So there’s another method for you.
I’m not abandoning the ideals that inspired me to get into beekeeping (and there are more than I’ve mentioned here). I’m just learning the difference between theory and practice. The big lesson is there’s nothing wrong with becoming inspired, but it’s vital that I pay attention to my own experience. In the end, I’ll do whatever I’m most comfortable with and whatever I think is best considering our local climate. There’s no one right way to do anything in beekeeping. That might seem obvious, but sometimes I seem to forget it in favour of an ideal that’s just bad for the bees.
February 2019 Postscript: While I do like to have my smoker lit and ready to go when I’m digging into larger hives or colonies that I know are unusually defensive, I’d say about 95% of the time I use mist on my bees instead of smoke (or nothing at all). Some bees don’t react to it because they’re so intent on doing what they’re doing that even the threat of rain barely slows them down, but most of the time the bees react to the mist just like they would to the smoke, namely they get out of the way but they don’t gorge on honey like they sometimes do with smoke.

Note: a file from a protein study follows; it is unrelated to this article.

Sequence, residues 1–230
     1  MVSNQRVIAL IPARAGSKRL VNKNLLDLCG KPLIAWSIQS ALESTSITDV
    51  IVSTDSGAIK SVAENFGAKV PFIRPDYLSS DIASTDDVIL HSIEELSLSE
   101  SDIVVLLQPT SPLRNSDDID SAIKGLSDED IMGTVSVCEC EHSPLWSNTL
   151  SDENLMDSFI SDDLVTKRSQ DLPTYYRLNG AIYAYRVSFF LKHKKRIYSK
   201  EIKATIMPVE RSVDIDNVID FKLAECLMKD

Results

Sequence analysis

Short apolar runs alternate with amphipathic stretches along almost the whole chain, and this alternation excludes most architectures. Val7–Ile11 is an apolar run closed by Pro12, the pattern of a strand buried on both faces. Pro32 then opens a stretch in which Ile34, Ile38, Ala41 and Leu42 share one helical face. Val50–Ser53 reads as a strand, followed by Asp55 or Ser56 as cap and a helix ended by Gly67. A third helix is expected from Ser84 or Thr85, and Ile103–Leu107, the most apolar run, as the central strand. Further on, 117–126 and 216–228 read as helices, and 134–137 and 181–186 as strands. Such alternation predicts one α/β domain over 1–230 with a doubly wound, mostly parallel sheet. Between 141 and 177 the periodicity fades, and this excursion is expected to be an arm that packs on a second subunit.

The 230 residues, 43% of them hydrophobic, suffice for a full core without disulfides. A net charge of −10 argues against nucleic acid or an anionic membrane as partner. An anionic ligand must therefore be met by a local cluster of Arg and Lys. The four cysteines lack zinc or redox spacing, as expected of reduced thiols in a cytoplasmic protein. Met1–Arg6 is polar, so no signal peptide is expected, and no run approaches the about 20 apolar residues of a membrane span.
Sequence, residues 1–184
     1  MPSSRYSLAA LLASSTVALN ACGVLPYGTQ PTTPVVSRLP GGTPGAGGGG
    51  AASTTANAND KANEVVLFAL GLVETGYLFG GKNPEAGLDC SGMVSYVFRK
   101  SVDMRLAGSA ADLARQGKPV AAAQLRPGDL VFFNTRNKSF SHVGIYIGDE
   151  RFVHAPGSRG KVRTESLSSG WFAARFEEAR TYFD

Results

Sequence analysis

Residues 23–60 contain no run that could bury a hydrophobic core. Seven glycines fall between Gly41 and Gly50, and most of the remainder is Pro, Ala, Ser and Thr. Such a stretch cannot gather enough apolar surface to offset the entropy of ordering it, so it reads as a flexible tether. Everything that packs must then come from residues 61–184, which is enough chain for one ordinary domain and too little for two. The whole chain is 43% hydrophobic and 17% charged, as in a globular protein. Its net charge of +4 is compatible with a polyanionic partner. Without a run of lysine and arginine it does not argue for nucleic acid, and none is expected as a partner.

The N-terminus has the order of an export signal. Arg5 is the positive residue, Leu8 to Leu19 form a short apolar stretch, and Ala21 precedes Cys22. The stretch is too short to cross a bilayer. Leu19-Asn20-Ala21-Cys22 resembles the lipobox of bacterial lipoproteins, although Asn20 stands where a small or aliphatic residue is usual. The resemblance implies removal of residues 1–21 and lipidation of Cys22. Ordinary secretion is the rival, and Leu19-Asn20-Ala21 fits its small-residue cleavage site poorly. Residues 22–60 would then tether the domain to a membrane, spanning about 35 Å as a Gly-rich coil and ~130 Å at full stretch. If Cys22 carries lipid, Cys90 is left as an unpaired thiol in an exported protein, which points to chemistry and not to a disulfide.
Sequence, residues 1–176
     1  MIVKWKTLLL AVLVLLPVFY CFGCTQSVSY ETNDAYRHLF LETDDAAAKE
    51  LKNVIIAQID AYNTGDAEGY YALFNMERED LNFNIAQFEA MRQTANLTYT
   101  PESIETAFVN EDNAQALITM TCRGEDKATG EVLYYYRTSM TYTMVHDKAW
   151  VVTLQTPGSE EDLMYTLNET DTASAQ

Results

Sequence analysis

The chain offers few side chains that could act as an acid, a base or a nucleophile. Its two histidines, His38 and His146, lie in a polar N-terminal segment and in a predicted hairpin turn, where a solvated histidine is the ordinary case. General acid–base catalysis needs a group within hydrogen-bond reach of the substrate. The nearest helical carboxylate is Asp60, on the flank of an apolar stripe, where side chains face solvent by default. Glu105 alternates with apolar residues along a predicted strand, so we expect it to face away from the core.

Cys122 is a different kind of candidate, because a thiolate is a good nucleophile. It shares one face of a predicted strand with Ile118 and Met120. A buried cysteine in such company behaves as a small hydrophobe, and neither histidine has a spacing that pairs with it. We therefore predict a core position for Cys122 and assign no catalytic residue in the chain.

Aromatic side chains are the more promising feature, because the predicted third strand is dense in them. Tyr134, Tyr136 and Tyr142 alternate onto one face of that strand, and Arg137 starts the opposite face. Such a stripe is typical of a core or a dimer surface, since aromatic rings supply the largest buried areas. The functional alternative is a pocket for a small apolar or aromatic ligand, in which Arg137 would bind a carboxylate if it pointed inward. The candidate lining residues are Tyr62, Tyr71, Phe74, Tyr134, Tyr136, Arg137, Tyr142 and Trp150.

But there’s nothing wrong with using a smoker if it’s used properly. When I first started out, as in on Day 1, I virtually drowned my bees in smoke. It was overkill. But I’ve since learned how to use my smoker so that the bees barely notice the smoke. I don’t blow smoke in the bees’ faces. I puff smoke around the hive entrance or just under the inner cover in a way that the smoke wafts around the bees. They get a whiff of the smoke but they’re not coughing on it. And they just casually get out of the way. It works. I go in, do my thing and the vast majority of the bees in the hive have no idea I was there. I occasionally have to use more smoke, but it’s rare.